Welch was at Bobbin Mill to highlight his legislation (H.R. 4717) to improve the federal Low Income Housing Tax Credit (LIHTC) and stimulate the development and rehabilitation of affordable rental housing in Vermont.  Watch the broadcast online here or below:

 



Sarah Carpenter Receives Champlain Housing Trust’s McKenzie Award

Posted February 7, 2014

Re-posted from Leslie Black-Plumeau of VHFA’s Housing Matters Blog:

VHFA’s Executive Director, Sarah Carpenter, received the Tim McKenzie Award at Champlain Housing Trust’s annual meeting and dinner…   The award recognized Carpenter’s outstanding contributions to permanently affordable housing during the past thirty years.  Carpenter is a long-time Burlington resident.

“I am honored to work with partner organizations like Champlain Housing Trust to extend affordable housing options to Vermonters not served by conventional markets,” said Carpenter, who has been VHFA’s executive director since 1998.

Champlain Housing Trust’s Chief Executive Officer, Brenda Torpy, presented the award.  Torpy explained that Sarah was one of the housing trust’s original Board members thirty years ago.  “Her driving vision about the role perpetually affordable housing plays in our economy has had wide reaching impacts,” Torpy commented.   Champlain Housing Trust is a community land trust that supports communities in northwest Vermont through the development and stewardship of permanently affordable homes and community assets.

According to Tom Pelletier, Chairperson of VHFA’s Board of Directors, “Sarah’s keen understanding of housing markets and devotion to making housing more affordable for low and moderate-income Vermonters has made her a highly effective leader.”

Before joining VHFA, Carpenter was the Executive Director of Burlington’s Cathedral Square Corporation—an organization nationally recognized for combining affordable housing and community services.   Born in Burlington, Carpenter is a graduate of the University of Vermont and Harvard University.

 



Seven Days Profiles Harbor Place, Recent Homeless Family

Posted December 18, 2013

Kathryn Flagg for Seven Days has written a new article on Harbor Place.  The report highlights the story of the Sweeney’s, a family who recently stayed at the new emergency housing facility purchased and opened by Champlain Housing Trust.  More from the article:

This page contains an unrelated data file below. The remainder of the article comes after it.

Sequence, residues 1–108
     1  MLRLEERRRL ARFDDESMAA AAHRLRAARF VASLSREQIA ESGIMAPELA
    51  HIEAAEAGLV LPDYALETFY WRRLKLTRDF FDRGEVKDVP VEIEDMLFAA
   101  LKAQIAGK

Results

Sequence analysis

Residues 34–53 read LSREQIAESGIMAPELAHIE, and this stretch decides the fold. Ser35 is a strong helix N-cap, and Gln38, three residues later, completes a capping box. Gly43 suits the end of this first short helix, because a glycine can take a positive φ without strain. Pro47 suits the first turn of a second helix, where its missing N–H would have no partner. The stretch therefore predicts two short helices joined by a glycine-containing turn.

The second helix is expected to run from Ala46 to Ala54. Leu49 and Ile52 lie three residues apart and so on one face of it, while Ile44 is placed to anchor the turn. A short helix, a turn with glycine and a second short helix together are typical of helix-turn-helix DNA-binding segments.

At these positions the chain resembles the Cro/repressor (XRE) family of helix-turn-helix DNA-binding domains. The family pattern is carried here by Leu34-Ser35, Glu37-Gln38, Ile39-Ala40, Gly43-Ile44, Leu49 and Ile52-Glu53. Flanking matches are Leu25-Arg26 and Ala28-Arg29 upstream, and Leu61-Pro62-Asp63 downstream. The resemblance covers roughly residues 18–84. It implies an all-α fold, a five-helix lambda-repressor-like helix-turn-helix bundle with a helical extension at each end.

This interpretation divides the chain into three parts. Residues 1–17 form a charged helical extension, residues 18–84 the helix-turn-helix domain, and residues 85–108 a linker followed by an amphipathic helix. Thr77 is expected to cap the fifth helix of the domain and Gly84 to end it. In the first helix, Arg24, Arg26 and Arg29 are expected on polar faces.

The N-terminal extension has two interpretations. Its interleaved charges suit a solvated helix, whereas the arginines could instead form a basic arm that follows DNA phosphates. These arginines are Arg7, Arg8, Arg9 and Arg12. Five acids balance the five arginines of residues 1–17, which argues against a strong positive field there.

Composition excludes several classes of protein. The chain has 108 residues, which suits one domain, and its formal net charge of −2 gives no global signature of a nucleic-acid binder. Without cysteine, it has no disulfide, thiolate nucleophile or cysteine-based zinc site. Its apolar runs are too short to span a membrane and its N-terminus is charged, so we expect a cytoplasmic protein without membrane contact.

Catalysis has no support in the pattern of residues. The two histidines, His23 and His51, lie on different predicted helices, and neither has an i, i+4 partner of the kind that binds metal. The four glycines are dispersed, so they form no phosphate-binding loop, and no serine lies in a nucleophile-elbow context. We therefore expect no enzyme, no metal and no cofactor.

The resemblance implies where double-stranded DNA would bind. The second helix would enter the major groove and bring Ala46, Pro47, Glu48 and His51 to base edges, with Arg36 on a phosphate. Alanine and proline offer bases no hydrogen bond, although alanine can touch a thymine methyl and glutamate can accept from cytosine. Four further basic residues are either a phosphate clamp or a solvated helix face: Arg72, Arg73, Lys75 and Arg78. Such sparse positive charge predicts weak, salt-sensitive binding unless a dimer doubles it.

The practice of housing Vermonters in motels, when homeless shelters are full, is a controversial one: The emergency-assistance program has grown steadily more expensive in recent years; in the last fiscal year, it cost the state $4.2 million, prompting officials to tighten eligibility. Advocates for the homeless argue against drastic cuts to the program. Until the state has better safety nets in place, they say, the motels are an important last resort for people who have nowhere else to sleep.

No one is saying it’s an ideal solution. But that’s where Harbor Place — formerly the Econo Lodge in Shelburne — comes in.

“We thought, ‘There’s a better way,’” said Chris Donnelly, director of community relations at the Champlain Housing Trust. So in late October, the trust purchased the 59-room motel for $1.85 million, financing the majority of that purchase with a loan through the Vermont Community Loan Fund — the largest in VCLF’s history…

The change is more than cosmetic. Security cameras were installed earlier this month. New placards posted around the motel advertise the facility’s rules, including a ban on visitors after 8 p.m. It’s quiet, and the Sweeneys like the fact that a guard roams the property until midnight. Neighbors stop by with baked goods, and the former lobby is occasionally stocked with donated clothing and boots.

But arguably the most important change is that Harbor Place brings caseworkers directly to “guests” at the motel. The goal isn’t simply to give families and homeless individuals a warm and safe temporary room; it’s to connect them with other services and programs that can get them out of the motel and back on their feet…